Pascua Florida

If, as certain scientists believe, water remembers:
what does the first historian dream?


Star-beneath-the-Sea, silver
ring inlaid with amber

crucifix, whose hand did you adorn? The hand
covered in dark hair

hacking through muck,
through muckish air. Yes, for the fountain

that keeps men fit
for pleasure, the pleasure of spices and fabled fruit.

That hand writ Florida anew
on that day of resurrection:

pinks, blues, and blood
reds; Tequesta, Timucua, and Tocobaga,

living tribes turned palimpsest.


There’s a secret to water, I thought watching you swim.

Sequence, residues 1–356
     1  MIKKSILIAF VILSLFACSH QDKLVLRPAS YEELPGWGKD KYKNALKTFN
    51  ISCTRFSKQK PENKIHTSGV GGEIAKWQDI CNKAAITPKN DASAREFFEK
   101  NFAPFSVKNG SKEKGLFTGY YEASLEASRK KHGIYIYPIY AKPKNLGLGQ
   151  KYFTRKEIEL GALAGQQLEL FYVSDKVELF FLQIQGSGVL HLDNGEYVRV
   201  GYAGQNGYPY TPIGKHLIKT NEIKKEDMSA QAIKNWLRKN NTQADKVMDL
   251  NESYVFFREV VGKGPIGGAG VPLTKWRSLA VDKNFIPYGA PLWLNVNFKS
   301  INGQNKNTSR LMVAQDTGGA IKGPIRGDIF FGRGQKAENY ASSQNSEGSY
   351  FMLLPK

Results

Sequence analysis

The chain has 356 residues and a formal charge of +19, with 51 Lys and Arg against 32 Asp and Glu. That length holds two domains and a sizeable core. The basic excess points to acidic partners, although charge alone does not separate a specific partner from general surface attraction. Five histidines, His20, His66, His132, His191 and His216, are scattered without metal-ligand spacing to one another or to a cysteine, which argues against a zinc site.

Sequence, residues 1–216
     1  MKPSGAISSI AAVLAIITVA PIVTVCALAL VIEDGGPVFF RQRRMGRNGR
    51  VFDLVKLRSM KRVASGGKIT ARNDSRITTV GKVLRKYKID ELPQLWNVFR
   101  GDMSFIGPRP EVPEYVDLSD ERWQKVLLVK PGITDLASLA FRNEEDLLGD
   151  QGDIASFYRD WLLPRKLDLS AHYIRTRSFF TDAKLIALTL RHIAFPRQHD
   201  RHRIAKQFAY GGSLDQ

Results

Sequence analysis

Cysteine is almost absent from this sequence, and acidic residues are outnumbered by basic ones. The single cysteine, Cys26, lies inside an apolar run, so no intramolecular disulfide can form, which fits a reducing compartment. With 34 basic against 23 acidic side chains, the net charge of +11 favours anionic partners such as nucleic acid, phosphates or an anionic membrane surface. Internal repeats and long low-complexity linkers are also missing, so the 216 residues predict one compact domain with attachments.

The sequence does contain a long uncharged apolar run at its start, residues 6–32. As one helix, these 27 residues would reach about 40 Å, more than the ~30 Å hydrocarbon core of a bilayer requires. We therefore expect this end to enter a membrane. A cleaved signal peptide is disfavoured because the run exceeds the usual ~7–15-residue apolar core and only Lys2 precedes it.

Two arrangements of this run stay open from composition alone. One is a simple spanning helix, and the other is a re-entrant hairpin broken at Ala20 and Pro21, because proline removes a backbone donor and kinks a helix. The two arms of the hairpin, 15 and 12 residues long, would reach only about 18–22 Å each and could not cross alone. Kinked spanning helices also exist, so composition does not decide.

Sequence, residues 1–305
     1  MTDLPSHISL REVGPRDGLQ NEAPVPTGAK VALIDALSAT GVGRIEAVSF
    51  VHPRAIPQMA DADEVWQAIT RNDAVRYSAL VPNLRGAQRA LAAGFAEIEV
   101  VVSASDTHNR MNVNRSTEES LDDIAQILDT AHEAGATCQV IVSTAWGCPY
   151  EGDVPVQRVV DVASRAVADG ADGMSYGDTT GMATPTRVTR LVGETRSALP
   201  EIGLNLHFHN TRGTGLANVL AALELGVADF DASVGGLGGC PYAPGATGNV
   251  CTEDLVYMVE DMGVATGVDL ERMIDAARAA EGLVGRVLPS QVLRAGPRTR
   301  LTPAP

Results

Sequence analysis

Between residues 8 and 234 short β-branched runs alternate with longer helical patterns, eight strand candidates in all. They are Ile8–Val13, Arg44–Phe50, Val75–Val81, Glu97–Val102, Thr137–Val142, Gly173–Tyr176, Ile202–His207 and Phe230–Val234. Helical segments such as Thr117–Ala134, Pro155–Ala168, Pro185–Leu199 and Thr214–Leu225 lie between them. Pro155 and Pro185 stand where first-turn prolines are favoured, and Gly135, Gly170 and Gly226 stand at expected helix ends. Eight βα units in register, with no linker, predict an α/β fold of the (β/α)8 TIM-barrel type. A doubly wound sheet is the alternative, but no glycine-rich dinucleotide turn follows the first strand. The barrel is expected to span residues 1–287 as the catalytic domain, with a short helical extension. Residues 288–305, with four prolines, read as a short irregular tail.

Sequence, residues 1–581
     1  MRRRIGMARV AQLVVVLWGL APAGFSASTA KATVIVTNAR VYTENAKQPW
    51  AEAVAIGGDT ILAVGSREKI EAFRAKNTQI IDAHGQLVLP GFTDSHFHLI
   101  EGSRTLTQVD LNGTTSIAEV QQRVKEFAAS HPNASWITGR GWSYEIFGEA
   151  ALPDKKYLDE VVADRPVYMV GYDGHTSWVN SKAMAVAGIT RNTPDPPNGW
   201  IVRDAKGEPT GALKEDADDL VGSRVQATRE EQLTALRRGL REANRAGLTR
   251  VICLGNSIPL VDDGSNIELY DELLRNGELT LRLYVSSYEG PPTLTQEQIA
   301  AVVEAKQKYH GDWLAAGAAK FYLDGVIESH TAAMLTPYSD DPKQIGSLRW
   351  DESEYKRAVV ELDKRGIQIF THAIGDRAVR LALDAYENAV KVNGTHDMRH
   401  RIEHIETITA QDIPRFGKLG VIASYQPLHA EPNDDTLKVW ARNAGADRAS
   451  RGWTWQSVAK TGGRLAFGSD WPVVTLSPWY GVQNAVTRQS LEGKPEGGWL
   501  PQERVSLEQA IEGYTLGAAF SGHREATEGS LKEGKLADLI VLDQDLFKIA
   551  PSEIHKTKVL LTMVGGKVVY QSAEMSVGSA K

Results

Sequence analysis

Tongues dissolve. Nothing settles.

Mornings, I lounge on the shore,
sipping something strong and secret.

One ritual abuts the other.
I want so much
to cling to this life.

I want so much to be released
from this scarred narrative.

History’s braid: semen, tears, memory, and milk.
My breath trembles out—how often I come
to the white-petaled water thinking we had touched.

This poem first appeared in Burrow’s anthology WE CAN’T HELP IT IF WE’RE FROM FLORIDA.